Saving your money

Why teens should be smarter with their money


Connor Pohl

Saving money is something that most teenagers are notorious for not doing.

Ryan Moore, Editor-in-Chief

I would like to talk about one thing teenagers are notoriously bad at: saving their money. I know this from experience and many of my friends and family may find it ironic that I am writing about this considering I am one of the worst savers I know. But in the spirit of the national holiday, I decided that this was an important issue many of us need to confront.

Gary Vee, an inspirational speaker, often talks about the easiest ways to make and save money and as embarrassing as they seem they can help you out a bunch without even having to go to a job. One of them was going to a garage sale and buying items and selling them back online. In the video he made he shows himself buying a box of toys for $20 and then resold it on Ebay for $288.85. He believes that anyone can make $1,000 a week or more doing this and it takes no time at all. This is one of the many ways you can make money, it’s just all about putting in the work.

Recently one of my friends was talking about doing something similar, but instead of garage sales he wanted to go dumpster diving. So at around 10 AM on a Saturday we took the plunge. We went to a large complex of housing and started to look. We ended up finding a lot of cool stuff, including a lamp, recliner, among other small trinkets that ended up netting us $147 in profit and all he had to do was put in the time and the money came to us.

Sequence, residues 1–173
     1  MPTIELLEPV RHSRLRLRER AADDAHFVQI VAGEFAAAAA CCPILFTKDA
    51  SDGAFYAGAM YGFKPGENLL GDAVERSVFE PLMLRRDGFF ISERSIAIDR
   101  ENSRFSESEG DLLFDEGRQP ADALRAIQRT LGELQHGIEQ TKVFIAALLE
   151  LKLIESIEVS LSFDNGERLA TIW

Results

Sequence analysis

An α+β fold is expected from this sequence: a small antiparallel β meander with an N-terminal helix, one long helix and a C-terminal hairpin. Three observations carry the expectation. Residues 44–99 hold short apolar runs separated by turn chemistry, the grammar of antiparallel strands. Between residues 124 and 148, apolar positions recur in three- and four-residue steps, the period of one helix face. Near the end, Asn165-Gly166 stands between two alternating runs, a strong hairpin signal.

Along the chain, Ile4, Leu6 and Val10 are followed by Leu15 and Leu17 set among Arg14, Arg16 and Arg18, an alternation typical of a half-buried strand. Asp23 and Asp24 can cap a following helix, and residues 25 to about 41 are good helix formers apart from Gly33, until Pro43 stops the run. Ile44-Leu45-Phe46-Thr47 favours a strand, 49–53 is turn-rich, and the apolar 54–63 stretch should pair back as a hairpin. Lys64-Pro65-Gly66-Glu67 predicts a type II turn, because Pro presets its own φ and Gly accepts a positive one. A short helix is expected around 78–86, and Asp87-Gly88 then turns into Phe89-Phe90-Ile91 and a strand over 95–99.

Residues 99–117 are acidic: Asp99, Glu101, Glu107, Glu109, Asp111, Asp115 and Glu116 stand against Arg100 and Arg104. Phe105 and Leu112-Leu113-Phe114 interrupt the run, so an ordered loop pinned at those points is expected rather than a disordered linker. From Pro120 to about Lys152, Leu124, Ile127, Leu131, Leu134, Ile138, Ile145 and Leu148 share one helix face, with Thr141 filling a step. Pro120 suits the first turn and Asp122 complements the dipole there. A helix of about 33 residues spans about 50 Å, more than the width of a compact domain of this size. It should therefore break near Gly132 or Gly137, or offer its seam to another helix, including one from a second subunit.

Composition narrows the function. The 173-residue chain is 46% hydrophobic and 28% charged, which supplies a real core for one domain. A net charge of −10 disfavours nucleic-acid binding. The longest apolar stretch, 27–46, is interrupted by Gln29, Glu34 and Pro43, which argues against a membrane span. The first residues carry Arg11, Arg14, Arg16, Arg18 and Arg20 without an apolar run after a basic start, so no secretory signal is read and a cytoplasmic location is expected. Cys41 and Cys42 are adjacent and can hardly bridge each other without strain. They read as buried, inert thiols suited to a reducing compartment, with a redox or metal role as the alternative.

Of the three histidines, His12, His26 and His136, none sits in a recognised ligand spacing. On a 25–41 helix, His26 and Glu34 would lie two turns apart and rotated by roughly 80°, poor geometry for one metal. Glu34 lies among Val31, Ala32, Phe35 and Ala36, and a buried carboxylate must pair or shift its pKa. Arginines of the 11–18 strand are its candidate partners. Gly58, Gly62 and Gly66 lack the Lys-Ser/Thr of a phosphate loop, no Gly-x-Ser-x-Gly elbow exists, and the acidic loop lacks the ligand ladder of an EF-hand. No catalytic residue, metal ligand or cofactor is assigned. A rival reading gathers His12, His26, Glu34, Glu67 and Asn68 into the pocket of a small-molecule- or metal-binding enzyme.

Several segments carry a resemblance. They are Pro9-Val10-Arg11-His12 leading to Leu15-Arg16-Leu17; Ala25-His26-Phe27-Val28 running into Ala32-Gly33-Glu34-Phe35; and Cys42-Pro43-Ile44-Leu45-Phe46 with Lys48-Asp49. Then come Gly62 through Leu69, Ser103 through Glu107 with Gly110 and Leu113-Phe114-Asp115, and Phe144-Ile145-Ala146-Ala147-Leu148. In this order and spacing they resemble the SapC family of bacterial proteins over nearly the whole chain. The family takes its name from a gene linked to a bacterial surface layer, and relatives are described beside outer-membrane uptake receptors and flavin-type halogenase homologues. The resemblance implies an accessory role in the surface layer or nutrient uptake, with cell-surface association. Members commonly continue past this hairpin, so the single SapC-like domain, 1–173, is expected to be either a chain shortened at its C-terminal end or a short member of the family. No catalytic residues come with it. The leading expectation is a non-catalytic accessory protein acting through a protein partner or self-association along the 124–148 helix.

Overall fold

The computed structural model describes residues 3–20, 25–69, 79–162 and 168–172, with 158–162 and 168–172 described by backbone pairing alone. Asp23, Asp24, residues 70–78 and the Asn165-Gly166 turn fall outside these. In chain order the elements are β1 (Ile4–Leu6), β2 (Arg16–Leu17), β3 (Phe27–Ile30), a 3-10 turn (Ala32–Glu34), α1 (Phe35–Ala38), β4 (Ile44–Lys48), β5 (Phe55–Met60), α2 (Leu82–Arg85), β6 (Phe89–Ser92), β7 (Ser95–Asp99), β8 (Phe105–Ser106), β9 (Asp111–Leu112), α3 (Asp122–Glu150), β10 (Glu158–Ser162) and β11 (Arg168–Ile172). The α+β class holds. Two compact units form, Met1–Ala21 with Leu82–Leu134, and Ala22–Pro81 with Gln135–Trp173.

Once you have your money now you need to save it. Think of yourself right now and your spending habits. Now imagine yourself in 35 years and what that will look like. Many people envision themselves in a successful career, many a businessman or engineer with lots of money. The thing is this success and money doesn’t start when you get out of college and into the real world it starts right now. Instead of eating out, getting an omelet, buying an extra chicken sandwich, or just buying candy, set aside $20 a week by eating at home or preparing your own meals for school. By taking this $20 a week and investing it in yourself it will add up. By putting it in the stock market (average return of 7%) for 35 years you will end up with over $157,000 extra in your account. Even if you were just to put it in a savings account with a return of 2% for 35 years you will end up with a bank account of over $52,000. Although 35 years seems like a lot the return is obviously high and just a small amount of $20 goes a long way. Many people think in order to be “rich” you have to start the next Google or Amazon, but in reality starting now and saving throughout your life can lead to massive amounts of money without really doing much.